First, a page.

the green-up

I’m pleased to announce that my mood and my yard are much improved since my last post. We’ve burned “yard waste”, which translates in our case to leaves, branches, all of the cedar we cut down last year, the slab pine that we mistakenly thought would make good firewood, the wood & cardboard remnants of the hallway and living room that we gutted and piles and piles of the thorny mess we’re clearing from the hillside.  We built a compost bin after a year of dumping into assorted piles, and Wyatt roofed the chicken coop! The whole scene is a lot less redneck than it was a few weeks ago. Mother nature has added her own touch as everything has started to “green-up”. Daffodils, trillium, tulips, forget-me-nots and the expansive lawn that I’m gradually turning into garden. The garlic has poked up out of the ground, and for each clove that didn’t sprout, I plunked a compost volunteer sprout into it’s place.

I finalized my seed orders and now a rather daunting pile of seed packets is staring at me from the dining room table.  The peas are in along with some cilantro (which the chickens promptly disrupted with enthusiastic dust baths) but I’ve still got a lot of planning ahead of me if I’m going to do that pile any justice.

The bulk of my seeds came from my current employer, Johnny’s Selected Seeds:  Lettuce, radishes, turnips, cukes, dry corn, wildflowers and herbs. From Seed Savers Exchange I’ve got a few rare dry beans, and I turned to Baker Creek Heirloom Seeds for some funky tomatoes, which my dear farmer friend Molly generously allowed me to start in her greenhouse. My hope for the season, which may be my hope for every future season, is that I will learn from my horticultural mistakes of year(s) previous. Specifically:

1) I will not sow a full pack of lettuce mix all in one go, a decision which resulted in 2 15-ft rows that reached a glorious harvest stage all at once. You can’t give away that much lettuce.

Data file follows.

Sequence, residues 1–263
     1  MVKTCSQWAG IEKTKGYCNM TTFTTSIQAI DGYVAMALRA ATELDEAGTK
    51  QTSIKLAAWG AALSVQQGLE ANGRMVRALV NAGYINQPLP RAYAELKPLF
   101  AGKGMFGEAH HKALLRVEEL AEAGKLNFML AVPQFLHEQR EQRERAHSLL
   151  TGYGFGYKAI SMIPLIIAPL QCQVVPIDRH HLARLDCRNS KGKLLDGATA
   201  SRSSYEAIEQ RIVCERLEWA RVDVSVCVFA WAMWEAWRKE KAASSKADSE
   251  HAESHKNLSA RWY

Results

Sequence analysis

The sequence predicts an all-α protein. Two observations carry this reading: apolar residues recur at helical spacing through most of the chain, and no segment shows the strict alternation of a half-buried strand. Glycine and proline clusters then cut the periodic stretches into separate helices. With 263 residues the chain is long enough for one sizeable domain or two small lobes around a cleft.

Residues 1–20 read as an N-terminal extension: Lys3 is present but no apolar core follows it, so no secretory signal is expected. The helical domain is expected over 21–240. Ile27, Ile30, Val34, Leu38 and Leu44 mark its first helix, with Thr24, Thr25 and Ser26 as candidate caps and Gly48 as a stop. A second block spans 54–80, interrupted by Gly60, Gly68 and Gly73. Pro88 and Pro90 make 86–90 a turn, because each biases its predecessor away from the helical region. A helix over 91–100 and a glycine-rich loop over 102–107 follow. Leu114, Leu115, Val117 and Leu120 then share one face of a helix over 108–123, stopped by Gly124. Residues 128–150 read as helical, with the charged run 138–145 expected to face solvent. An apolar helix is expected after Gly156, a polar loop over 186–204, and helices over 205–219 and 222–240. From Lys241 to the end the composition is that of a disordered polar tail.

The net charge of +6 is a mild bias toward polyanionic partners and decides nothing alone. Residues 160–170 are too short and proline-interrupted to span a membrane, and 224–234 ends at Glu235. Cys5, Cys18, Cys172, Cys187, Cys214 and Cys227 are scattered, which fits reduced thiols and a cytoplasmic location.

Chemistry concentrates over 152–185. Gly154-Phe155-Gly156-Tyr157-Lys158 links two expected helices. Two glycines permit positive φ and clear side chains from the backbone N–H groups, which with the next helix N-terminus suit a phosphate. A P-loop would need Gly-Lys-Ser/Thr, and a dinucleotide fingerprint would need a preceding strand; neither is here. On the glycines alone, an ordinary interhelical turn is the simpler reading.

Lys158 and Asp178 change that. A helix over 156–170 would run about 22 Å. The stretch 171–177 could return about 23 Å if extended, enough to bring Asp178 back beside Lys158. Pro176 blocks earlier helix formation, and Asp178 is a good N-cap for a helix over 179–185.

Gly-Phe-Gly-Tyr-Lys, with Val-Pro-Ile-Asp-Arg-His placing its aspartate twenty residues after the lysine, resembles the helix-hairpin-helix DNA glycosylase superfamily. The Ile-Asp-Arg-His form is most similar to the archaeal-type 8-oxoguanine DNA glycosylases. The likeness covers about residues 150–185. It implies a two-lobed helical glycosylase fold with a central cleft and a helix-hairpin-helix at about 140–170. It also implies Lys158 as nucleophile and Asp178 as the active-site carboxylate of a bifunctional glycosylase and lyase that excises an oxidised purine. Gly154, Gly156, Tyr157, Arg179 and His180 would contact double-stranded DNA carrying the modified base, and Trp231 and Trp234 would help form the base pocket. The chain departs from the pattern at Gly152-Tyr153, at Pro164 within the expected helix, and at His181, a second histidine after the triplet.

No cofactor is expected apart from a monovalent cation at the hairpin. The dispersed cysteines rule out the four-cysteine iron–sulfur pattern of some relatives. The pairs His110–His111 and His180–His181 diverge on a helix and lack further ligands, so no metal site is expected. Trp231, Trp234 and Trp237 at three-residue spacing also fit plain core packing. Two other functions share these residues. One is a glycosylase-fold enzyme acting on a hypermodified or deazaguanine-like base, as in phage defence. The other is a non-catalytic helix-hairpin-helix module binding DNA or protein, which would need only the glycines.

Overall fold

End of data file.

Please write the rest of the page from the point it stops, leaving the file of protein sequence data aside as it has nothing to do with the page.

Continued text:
2) I will not grow carrots and beets. My summer employer, Peacemeal Farm, grows outstanding carrots and beets all season, and at least half of the carrots and beets I planted last May (again, all at once) sat in the garden all season, unpicked. They are now smushy remnants of their former selves, a wasteful reminder of my overzealous planting which only just made it to the compost bin.
3) I will not attempt to plant dry beans between rows of corn without first ensuring that the bean is actually a climber. The nice heirloom soup bean I’d chosen last year languished under the shade of the corn, and much too late I realized it was a bush bean. sigh. I reaped a harvest of 12 pods.
4) I will not direct seed watermelons in late June and expect a bounty of large melons to grace my garden in September. Watermelons originated in the fertile crescent, which is a touch warmer than central Maine.
5) I will fence my garden. This is perhaps the most important change, and also the hardest. I sincerely hope that a post doesn’t appear on this blog in July bemoaning the fact that I never got around to building it, accompanied by photos of tender plants devoured by deer.

Here’s the thing about Spring if you’re a farmer or gardener – it really does feel like your slate is wiped clean.  So you screwed everything up last year, who cares? Here’s a chance to start fresh.  The earth is patient and forgiving, plants are resilient, and all of those little packs of seeds are so full of hope and promise. And then there’s the “green-up”.  Don’t you love that phrase?  It’s jaunty and joyful and perfectly, simply evocative of what Spring means for us four-season growers. Just when everything seems to be at it’s grayest and dirtiest, just when you’ve reached the literal and figurative bottom of the root cellar barrel, little bits of green start to pop up everywhere, turning your frown upside down.  Fiddleheads, garlic, dandelion, daffodils, skunk cabbage, even bland, manicured lawns spring to life.  The Green-Up.

Thanks, Mother Nature. Thanks very much.


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